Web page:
'Sexy Boys' gang fingered in killing

ct gavric1338 (22135576) INLSA LOW PROFILE: Serbian fugitive Dobrosav Gavric (extreme right) ducks as he is transported from the Cape Town Magistrates Court under police guard. Picture: Tracey Adams

 

A LEADER of the Sexy Boys gang is a suspect in the killing of underworld figure Cyril Beeka, who was being investigated for murder, drug trafficking and illegal diamonds at the time of his death.

Links between a number of prominent city businessmen and an organised criminal network, operating within Cape Town and internationally, were also laid bare in the Cape Town Magistrate’s Court on Tuesday when Serbian fugitive Dobrosav Gavric appeared for a bail application regarding his possible extradition.

Gavric, 38, is wanted in Serbia, where he faces a 35-year jail sentence for murdering two people and assasinating Serbia’s most feared warlord, Zeljko Raznatovic, better known as Arkan, 12 years ago.

He appeared in court on Tuesday under heavy security, with members of the police’s Tactical Response team stationed around the courtroom.

Gavric had been driving underworld figure Cyril Beeka when Beeka was murdered in a shooting in Bellville South on March 21 last year.

Up until Tuesday, no official details or information about suspects into Beeka’s murder have been revealed.

The investigating officer in the case, Paul Hendrikse, testified that, before the shooting, Beeka and Gavric had visited Jerome “Donkie” Booysen at his Belhar home.

“I can confirm (Booysen’s) a gangster, a leader of the Sexy Boys,” Hendrikse said.

Under cross-examination, he said Booysen was a suspect in Beeka’s murder, which had been motivated by organised crime.

“I do have evidence and statements under oath to back me up,” Hendrikse said.

Earlier, he testified that there were only two ways to get to and from Booysen’s home.

Hendrikse said that, after the meeting with Booysen, Gavric had driven Beeka down Modderdam Road and at a set of traffic lights, just before the University of the Western Cape, had stopped as the lights were red.

He said a motorbike with two occupants stopped next to the car and 17 shots were fired at the car.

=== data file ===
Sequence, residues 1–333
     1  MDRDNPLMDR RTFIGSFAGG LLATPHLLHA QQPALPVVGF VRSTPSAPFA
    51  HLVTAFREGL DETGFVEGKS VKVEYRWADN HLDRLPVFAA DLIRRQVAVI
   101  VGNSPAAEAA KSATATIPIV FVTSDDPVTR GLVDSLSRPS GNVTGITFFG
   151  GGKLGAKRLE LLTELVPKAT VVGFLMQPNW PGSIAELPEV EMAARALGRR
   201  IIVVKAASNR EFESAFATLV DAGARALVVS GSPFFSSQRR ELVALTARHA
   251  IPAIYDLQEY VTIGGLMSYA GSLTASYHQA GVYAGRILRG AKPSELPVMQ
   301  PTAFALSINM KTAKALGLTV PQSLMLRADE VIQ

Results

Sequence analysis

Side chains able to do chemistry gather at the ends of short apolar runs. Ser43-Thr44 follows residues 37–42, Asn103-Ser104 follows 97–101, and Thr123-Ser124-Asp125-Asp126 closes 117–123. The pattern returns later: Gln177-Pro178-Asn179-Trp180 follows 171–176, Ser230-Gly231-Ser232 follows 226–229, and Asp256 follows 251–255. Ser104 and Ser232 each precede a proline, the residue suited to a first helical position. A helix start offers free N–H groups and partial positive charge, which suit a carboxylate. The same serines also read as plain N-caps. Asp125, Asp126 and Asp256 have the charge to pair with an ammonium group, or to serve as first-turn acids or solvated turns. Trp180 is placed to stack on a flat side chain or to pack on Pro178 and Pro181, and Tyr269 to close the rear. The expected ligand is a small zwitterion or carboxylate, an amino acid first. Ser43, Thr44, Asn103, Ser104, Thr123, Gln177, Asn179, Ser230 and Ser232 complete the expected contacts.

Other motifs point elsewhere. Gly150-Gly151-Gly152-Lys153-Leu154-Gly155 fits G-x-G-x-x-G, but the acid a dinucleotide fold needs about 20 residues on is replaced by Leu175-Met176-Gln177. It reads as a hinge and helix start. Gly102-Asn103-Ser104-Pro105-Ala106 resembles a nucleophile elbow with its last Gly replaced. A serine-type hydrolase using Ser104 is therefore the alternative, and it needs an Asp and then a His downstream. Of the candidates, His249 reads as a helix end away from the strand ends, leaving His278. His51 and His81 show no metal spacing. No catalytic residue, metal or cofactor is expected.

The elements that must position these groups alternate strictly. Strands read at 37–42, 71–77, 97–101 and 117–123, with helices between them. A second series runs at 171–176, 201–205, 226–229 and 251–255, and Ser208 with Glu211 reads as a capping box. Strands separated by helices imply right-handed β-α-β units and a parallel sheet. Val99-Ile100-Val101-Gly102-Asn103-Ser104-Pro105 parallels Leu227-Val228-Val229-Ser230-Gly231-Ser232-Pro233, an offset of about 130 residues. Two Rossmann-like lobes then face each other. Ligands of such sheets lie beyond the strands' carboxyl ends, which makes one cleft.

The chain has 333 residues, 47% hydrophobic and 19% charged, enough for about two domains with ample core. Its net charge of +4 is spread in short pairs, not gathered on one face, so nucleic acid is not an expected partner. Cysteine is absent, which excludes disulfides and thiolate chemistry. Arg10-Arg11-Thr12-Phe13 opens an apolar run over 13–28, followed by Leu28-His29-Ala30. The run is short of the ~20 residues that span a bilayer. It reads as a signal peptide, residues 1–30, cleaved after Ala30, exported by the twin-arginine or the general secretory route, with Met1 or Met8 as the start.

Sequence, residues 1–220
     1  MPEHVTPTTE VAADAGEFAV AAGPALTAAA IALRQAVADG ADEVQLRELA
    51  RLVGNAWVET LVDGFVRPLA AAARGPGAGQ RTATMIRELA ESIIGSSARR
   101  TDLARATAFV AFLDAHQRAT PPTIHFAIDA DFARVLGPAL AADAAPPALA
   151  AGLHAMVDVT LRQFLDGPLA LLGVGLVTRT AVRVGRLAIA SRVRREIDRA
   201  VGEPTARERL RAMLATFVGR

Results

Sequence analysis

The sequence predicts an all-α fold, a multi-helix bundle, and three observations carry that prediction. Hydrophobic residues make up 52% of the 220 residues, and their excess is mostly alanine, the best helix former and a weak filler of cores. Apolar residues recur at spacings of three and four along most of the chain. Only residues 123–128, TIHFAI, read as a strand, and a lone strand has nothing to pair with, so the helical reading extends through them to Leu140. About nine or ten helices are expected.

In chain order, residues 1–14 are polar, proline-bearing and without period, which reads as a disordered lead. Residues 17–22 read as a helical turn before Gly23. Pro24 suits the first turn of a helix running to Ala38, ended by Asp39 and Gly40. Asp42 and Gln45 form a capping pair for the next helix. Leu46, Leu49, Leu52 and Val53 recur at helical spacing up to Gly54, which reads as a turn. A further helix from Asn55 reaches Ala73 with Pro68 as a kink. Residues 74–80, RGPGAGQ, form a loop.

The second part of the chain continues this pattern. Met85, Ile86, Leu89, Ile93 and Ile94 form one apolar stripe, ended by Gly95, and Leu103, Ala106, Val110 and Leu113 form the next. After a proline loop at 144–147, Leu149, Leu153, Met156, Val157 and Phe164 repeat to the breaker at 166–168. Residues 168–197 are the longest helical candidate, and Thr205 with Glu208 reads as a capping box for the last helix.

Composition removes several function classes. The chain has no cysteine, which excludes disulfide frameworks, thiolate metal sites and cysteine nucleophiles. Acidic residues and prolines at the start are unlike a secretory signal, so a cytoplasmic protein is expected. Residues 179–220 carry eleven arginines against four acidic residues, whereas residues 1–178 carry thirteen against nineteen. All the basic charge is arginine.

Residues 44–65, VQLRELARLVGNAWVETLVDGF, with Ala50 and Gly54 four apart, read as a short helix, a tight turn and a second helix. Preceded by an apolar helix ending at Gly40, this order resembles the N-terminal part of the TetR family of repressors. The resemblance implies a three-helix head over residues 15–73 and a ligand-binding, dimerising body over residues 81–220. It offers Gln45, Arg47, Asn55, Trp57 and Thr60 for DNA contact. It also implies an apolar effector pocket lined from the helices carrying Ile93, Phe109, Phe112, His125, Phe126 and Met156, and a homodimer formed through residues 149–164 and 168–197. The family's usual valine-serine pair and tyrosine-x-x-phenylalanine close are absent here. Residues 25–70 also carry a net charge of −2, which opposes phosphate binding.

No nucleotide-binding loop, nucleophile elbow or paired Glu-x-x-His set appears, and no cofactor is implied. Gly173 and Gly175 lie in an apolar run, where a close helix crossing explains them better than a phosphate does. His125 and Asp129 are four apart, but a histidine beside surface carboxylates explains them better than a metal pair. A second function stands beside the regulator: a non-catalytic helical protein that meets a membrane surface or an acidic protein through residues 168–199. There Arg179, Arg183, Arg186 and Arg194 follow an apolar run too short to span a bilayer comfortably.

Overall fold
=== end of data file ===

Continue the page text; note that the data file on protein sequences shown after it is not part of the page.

Beeka had been wounded in the chest, arms and head, while Gavric was wounded in the arms.

Hendrikse said that, despite his injuries, Gavric had sped after the motorbike and fired shots in its direction, but soon lost control of the vehicle.

“Not long thereafter, Booysen arrived ... It’s very suspicious because they’d just left his place and coincidentally he was the first person on the scene,” he said.

Hendrikse testified that Gavric had been planning to open a second-hand shop in Parow, had wanted to renovate the premises and had submitted these plans to the city council.

But there had been a hitch and Beeka had got in touch with Booysen, who had worked for the City of Cape Town for roughly two decades, to get someone to assist Gavric. This was why they had been visiting Booysen.

Hendrikse testified that, at the time of Beeka’s killing, the police’s organised crime unit in Gauteng was investigating Beeka for murder, drug trafficking and illegal diamonds. He said that, about a week before the murder, Beeka and Gavric had attended a rugby match at Newlands.

Hendrikse said they had occupied a private box owned by businessman Mark Lifman. “Mark Lifman is also being investigated by organised crime.” Hendrikse testified that Lifman was also linked with Booysen.

He said Beeka had also been friends with Czech fugitive Radovan Krejcir, who faced a fraud charge in Johannesburg as well as possible extradition.

He likened Beeka’s murder to that of Yuri “The Russian” Ulianitski, who was gunned down in May 2007, and who had worked with Lifman and Beeka. During cross-examination by defence advocate Pete Mihalik, Hendrikse was asked to explain why Beeka had been in the company of Moe Shaik, head of South Africa’s secret service, or whether Beeka had worked for the National Intelligence Agency (NIA).

“I’m prepared to say there are rumours that he was, but I don’t have any evidence,” Hendrikse said. He said the NIA denied Beeka worked for it.

Hendrikse said Gavric arrived in SA in 2007 under the alias Sasa Kovacevic and befriended Beeka a year later.

In a section of an affidavit by Gavric read out by Hendrikse it said: “I heard he was connected to the police and if ever there was a threat to me, my family would be warned.”

After being convicted of Arkan’s killing, Hendrikse said Gavric travelled to Bosnia where he picked up the passport bearing the name Sasa Kovacevic. Before arriving in SA in 2007, he travelled to Ecuador, Peru and Cuba.

Gavric handed himself over to the Hawks on December 27 after his identity was confirmed and Serbian authorities requested his extradition. - Cape Times

E-mail Caryn: [email protected]


sign up